Most paralegals and legal assistants have an associate’s degree in paralegal studies, or a bachelor’s degree in another field and a certificate in paralegal studies.
There are several paths a person can take to become a paralegal. A common path is for candidates to earn an associate’s degree in paralegal studies from a postsecondary institution.
However, many employers may prefer, or even require, applicants to have a bachelor’s degree. Because only a small number of schools offer bachelor’s degrees in paralegal studies, applicants will typically have a bachelor’s degree in another subject and earn a certificate in paralegal studies from a paralegal education program approved by the American Bar Association.
Associate’s and bachelor’s degree programs in legal or paralegal studies usually offer paralegal training courses in legal research, legal writing, and the legal applications of computers, along with courses in other academic subjects, such as corporate law and international law. Most certificate programs provide intensive paralegal training for people who already hold college degrees.
Employers sometimes hire college graduates with no legal experience or legal education and train them on the job.
Licenses, Certifications, and Registrations
Although not required, some employers may prefer to hire applicants who have completed a paralegal certification program.
Some national and local paralegal organizations offer voluntary paralegal certifications to students able to pass an exam. Other organizations offer voluntary paralegal certifications for paralegals who meet certain experience and education criteria.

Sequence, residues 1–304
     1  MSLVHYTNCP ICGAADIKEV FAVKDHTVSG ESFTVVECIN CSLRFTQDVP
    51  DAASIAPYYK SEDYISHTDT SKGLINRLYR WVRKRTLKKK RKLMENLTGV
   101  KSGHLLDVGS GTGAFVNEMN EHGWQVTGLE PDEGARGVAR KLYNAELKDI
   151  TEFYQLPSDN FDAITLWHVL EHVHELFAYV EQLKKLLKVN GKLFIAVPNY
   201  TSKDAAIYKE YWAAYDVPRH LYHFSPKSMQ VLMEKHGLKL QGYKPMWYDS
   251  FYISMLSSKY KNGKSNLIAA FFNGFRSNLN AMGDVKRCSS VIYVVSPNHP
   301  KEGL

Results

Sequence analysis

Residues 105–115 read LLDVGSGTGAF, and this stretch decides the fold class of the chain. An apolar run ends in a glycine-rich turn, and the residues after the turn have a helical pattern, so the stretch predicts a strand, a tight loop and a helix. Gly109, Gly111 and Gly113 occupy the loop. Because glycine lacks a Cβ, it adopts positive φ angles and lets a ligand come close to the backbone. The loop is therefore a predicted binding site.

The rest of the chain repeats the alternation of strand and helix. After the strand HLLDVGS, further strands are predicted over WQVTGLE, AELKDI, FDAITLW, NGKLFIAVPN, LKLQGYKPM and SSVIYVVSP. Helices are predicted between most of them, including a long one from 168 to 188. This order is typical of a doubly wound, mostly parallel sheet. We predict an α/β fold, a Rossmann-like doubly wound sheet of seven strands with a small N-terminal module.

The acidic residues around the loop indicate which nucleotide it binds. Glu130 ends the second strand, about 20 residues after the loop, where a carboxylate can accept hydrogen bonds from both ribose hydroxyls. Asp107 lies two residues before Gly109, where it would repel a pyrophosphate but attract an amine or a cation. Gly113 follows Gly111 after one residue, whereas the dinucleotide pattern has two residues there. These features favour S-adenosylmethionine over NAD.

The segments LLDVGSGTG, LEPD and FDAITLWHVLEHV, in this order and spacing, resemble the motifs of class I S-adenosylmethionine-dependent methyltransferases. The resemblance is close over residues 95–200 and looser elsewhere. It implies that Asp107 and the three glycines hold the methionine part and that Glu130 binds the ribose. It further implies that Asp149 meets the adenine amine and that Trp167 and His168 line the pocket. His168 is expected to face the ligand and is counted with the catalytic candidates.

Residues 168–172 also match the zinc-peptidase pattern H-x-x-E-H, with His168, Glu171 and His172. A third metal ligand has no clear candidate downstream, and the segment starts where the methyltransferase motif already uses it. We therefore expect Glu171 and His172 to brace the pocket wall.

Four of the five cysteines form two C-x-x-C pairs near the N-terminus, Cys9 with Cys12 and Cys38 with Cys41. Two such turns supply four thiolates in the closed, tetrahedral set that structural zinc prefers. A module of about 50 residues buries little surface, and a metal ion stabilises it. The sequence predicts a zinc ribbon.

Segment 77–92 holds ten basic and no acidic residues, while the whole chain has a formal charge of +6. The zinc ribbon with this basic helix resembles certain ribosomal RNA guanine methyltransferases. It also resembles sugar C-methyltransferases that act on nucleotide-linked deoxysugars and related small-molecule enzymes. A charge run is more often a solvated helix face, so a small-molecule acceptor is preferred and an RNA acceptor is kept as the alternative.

Communication skills. Paralegals must be able to document and present their research and related information to their supervising attorney.
Computer skills. Paralegals need to be familiar with using computers for legal research and litigation support. They also use computer programs for organizing and maintaining important documents.
Interpersonal skills. Paralegals spend most of their time working with clients and other professionals and must be able to develop good relationships. They must make clients feel comfortable sharing personal information related to their cases.
Organizational skills. Paralegals may be responsible for many cases at one time. They must adapt quickly to changing deadlines.
Research skills. Paralegals gather facts of the case and research information on relevant laws and regulations to prepare drafts of legal documents for attorneys and help them prepare for a case.